Ban Explosive Nitrogen Fertilizer

Target: Thomas J. Vilsack, Secretary of Agriculture

Goal: Ban ammonium nitrate, an explosive material, for use in its pure form as fertilizer

Recently, a spontaneous explosion at a fertilizer plant in West Texas killed 14 people, including several emergency workers, and injured more than 100 more. While the exact cause of the explosion has yet to be confirmed, it is likely that improperly stored ammonium nitrate led to the blast. Often used as an inexpensive fertilizer, ammonium nitrate is volatile enough that it can also be used to make homemade bombs. However, the United States still allows its sale and use as a fertilizer. Urge the Department of Agriculture to ban unmixed ammonium nitrate.

The West Fertilizer Co. where the explosion occurred had failed to file proper documents about the hazardous materials stored at its facility. But earlier this year, the company did report that it was storing 270 tons of ammonium nitrate. When combined with other materials, this fertilizer can become extremely explosive. In the 1995 Oklahoma City bombing, Timothy McVeigh used ammonium nitrate mixed with fuel oil to make bombs. Ammonium nitrate in its pure form is dangerous enough that many countries, like Germany and Ireland, have banned the substance for use as fertilizer unless it is mixed with other materials.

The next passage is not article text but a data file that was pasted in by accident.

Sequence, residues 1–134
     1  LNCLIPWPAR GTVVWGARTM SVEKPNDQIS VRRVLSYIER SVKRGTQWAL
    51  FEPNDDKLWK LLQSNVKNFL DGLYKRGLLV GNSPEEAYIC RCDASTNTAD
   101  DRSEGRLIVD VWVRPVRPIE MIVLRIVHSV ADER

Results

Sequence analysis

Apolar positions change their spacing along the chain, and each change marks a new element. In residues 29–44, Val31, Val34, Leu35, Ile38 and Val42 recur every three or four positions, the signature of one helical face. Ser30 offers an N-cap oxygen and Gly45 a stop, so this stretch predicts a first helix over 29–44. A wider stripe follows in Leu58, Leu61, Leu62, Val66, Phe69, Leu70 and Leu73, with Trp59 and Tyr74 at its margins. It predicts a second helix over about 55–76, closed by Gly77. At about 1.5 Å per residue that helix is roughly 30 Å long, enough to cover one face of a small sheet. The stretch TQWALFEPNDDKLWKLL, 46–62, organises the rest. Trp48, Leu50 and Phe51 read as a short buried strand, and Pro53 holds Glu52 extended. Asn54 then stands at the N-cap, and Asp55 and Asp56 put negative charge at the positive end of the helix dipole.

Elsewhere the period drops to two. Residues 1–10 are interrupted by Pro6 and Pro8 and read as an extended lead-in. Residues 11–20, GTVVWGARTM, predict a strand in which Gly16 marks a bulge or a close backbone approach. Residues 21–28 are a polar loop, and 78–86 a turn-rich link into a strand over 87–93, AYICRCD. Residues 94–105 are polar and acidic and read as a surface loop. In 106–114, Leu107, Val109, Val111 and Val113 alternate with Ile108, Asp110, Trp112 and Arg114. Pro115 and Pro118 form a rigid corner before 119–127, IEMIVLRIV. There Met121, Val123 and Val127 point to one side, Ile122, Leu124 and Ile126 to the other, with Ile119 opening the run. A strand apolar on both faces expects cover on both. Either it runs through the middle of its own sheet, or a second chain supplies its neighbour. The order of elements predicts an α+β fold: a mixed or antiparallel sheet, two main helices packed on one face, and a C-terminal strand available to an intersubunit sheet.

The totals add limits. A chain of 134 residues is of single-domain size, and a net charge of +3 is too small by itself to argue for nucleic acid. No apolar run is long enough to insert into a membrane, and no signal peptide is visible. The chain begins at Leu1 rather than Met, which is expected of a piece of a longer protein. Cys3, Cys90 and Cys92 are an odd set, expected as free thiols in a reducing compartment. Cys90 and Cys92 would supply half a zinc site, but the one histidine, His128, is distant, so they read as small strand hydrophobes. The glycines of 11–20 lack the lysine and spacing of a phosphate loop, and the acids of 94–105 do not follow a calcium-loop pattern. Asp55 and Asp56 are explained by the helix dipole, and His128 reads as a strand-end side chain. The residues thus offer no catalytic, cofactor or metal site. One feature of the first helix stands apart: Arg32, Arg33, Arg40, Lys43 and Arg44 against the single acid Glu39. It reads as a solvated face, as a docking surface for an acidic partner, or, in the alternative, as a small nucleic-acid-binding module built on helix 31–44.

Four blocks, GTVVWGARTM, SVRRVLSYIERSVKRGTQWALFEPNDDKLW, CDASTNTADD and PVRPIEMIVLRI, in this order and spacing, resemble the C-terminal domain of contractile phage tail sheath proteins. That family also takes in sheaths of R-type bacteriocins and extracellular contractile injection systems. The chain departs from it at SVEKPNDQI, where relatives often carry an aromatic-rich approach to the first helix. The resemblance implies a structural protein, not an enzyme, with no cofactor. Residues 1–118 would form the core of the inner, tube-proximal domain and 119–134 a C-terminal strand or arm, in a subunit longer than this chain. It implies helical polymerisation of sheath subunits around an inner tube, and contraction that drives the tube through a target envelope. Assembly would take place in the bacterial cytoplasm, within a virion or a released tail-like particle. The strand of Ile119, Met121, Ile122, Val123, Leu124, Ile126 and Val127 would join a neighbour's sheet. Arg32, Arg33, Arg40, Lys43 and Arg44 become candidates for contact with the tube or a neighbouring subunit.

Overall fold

Fourteen people have already died likely as a result of this chemical. It’s time that the USDA take the proper precautions and ban its use in pure form.


Dear Thomas J. Vilsack,

An explosion on a West Texas fertilizer plant has left 14 dead and more than a hundred injured. The tragedy at West Fertilizer Co. is a stark reminder of the dangerous effects that nitrogen fertilizer can have — not just on the environment, but on the individuals who have to work with these chemicals.

Although the exact cause of the explosion has not been pinpointed, West Fertilizer Co. reported that it had been storing 270 tons of ammonium nitrate at its facility. Ammonium nitrate has been known to explode, perhaps most famously when it was used alongside fuel oil to make the bombs used in the 1995 Oklahoma City tragedy.

Countries like Germany and Ireland have already banned this substance in its pure form due to its explosive nature. This tragedy demonstrated that the United States must do the same. Nitrogen fertilizers destroy the environment and put workers in danger. I urge you to take action and prevent future catastrophes by banning pure ammonium nitrate for use as fertilizer.


[Your Name Here]

Photo credit: David DeHetre via Flickr

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One Comment

  1. Janis Booth says:

    It seems incredible to me that that the terrible bombing in Boston is made so much of, truly terrible as that was for the poor injured and dead. Yet the corporate terrorism which caused this is not classified in the same way nor the NRA for public terrorism, when so many people die daily due to utterly ridiculous gun laws.

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